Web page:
Drug overdose deaths down in Florida, state officials remain concerned
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Drug overdose deaths down in Florida, state officials remain concerned

State leaders announced “encouraging” data on overdose deaths in Florida. Attorney General Ashley Moody on Tuesday released the 2023 Florida Medical Examiners Interim Report, which presents drug-related death data for the first half of 2023.

“Everyone in Florida has felt the effects of opioid deaths,” Moody said.

Attorney General Moody says Florida has seen a decline in overall drug-related deaths. But state leaders remain cautiously optimistic, calling fentanyl a weapon of mass destruction.

Drug overdose deaths down in Florida, state officials remain concerned

“Florida saw a 7 percent decline in overall drug-related deaths, a 10 percent decline in fentanyl-related deaths and a 10 percent decline in opioid-related deaths,” Moody’s reported.

Moody says this is the third consecutive report showing a decline in drug-related deaths in Florida.

“This is the largest percentage decrease in fentanyl-related deaths in our state since 2016,” Moody said.

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But state officials say thousands of people still die from overdoses in Florida.

“I’m an 18-year-old recovered opioid addict. I was what you would call a functioning addict,” said Longwood Deputy Mayor Matt Morgan.

Law enforcement officials say Tampa Bay has dropped from fourth in Florida for fentanyl-related deaths to sixth.

They say fentanyl remains at the heart of the problem.

“This is absolutely a mental illness. Make no mistake,” Morgan said. “At the same time, you have to be very firm with those who are trafficking these drugs and the fentanyl that is coming across our border.”

Morgan himself was a former WWE wrestler and painkiller addict. He battled addiction for several years before seeking help.

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He says fentanyl now poses an even greater threat to drug users.

“If I had been taking painkillers like I was 18, 20 years ago, when I was addicted, I would have been dead 35 times over,” Morgan said.

FDLE Commissioner Mark Glass says the vast majority of drugs are now laced with fentanyl.

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Glass says prescription painkillers can often contain trace amounts of fentanyl, even though they look like the same pills you can buy at a pharmacy.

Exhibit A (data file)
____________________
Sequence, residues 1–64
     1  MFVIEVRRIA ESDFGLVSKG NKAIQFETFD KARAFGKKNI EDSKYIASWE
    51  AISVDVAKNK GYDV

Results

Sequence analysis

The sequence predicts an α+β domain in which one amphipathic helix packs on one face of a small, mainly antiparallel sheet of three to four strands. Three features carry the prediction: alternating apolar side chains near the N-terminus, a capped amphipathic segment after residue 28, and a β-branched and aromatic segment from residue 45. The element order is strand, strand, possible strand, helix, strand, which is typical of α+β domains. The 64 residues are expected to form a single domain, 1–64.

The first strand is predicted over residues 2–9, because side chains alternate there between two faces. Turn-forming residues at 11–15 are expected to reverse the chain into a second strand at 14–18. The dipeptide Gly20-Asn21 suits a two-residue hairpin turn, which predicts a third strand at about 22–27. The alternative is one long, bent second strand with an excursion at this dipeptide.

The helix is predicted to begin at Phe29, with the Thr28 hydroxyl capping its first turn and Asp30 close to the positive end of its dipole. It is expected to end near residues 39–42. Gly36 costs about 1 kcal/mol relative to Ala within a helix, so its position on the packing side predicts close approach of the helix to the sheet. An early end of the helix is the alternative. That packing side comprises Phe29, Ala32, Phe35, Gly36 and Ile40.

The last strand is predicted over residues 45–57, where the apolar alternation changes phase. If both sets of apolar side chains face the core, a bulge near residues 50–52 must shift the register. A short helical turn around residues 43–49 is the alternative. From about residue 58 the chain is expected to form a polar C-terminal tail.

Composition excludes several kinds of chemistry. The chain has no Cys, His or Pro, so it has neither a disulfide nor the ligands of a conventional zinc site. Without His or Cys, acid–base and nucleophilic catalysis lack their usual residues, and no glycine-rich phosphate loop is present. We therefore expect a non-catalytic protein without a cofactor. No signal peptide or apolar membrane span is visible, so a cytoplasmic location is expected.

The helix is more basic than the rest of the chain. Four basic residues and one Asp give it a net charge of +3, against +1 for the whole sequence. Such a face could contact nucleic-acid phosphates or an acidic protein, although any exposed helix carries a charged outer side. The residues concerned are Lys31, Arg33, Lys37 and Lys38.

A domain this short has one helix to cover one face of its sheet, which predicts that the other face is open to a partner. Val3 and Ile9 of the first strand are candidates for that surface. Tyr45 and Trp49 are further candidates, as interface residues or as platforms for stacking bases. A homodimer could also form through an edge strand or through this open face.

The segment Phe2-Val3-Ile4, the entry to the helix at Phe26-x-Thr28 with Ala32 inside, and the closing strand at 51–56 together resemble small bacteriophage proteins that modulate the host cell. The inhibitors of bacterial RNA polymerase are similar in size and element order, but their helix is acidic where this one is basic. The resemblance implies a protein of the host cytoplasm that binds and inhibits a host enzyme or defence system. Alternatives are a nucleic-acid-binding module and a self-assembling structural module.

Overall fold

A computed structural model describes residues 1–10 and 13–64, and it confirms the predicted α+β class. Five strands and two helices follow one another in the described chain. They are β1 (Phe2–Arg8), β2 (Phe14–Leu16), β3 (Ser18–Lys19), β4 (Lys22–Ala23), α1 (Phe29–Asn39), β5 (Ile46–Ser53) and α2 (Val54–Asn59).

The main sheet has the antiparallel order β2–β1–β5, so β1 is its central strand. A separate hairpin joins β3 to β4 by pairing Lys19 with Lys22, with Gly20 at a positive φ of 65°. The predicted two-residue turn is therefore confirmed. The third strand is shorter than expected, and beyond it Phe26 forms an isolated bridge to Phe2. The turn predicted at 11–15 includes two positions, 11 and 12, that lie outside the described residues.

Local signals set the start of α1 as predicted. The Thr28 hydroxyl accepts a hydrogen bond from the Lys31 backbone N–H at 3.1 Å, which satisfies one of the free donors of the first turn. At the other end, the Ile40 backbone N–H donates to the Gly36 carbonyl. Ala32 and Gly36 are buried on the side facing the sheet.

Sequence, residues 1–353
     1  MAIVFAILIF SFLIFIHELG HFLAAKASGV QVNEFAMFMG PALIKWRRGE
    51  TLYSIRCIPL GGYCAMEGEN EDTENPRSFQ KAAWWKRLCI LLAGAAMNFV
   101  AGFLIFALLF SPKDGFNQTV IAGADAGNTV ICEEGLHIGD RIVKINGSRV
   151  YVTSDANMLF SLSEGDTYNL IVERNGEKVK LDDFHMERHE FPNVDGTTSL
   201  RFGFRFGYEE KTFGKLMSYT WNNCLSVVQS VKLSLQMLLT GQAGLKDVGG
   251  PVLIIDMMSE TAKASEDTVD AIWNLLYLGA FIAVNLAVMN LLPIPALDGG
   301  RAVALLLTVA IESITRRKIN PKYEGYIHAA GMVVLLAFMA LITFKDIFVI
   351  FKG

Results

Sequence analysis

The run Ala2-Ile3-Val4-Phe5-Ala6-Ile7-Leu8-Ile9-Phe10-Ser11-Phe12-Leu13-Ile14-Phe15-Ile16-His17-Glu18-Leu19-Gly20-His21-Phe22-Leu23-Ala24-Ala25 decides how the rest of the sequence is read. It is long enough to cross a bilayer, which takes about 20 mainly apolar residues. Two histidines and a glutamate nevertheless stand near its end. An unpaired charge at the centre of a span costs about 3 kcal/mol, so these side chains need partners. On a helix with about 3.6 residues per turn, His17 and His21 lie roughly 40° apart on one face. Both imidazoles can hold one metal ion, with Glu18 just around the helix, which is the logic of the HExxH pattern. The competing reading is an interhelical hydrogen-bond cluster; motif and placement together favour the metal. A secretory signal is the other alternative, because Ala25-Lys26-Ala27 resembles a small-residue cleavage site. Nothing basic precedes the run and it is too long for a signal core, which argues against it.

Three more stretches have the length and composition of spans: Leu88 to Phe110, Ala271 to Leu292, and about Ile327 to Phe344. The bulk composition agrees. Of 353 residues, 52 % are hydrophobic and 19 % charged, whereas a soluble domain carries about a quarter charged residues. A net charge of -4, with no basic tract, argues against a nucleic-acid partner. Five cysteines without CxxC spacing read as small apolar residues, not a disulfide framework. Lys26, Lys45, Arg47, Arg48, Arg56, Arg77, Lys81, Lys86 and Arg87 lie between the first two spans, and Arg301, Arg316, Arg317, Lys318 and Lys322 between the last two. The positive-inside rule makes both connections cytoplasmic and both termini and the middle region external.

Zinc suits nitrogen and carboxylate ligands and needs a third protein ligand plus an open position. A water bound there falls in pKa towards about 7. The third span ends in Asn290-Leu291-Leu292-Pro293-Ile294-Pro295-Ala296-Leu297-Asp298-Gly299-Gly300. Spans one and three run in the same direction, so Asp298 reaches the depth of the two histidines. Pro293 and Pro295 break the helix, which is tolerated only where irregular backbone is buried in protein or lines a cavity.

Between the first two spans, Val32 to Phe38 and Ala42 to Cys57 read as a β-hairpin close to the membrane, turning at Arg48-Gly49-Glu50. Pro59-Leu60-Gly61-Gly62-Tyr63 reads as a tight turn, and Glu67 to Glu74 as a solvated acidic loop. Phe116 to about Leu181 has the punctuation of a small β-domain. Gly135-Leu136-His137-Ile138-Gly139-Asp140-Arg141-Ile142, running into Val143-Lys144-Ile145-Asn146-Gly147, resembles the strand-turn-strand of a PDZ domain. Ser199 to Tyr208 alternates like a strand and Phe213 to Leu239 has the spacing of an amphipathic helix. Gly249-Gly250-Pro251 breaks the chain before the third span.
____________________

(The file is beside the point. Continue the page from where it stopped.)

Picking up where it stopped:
“Seven and nine grains of salt,” Glass said. “Put them in there. And it’s going to kill you. So if it’s not mixed well or properly, and most of it isn’t, it’s just thrown together, it’s going to kill you. And now you have to remember that these people are going to be taking and mixing other types of drugs with it. Heroin, cocaine. All of these things are done in a variety of ways, including marijuana.”

State officials praise the SAFE initiative, a state-funded program aimed at combating drug gangs and drug dealers.

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“To date, 110 investigations have been approved, with $14.7 million in commitments,” Glass said.

Glass says the initiative began less than a year ago, and investigators across the state have already seized massive amounts of drugs, weapons and cash.

“Over the course of approximately six to eight months, we seized over 37 kilograms of fentanyl, over 30,000 fentanyl pills, 55 kilograms of cocaine, 20 kilograms of methamphetamine, seized half a million dollars in cash, 72 firearms and made over 410 arrests,” Glass said.

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While government leaders say the new data is encouraging, their work is not over.

State leaders pressure federal government to stop flow of drugs across international borders and into the U.S.

They credit the SAFE Initiative, investment in drug recovery resources and aggressive prosecution of drug dealers with reducing the number of overdoses.

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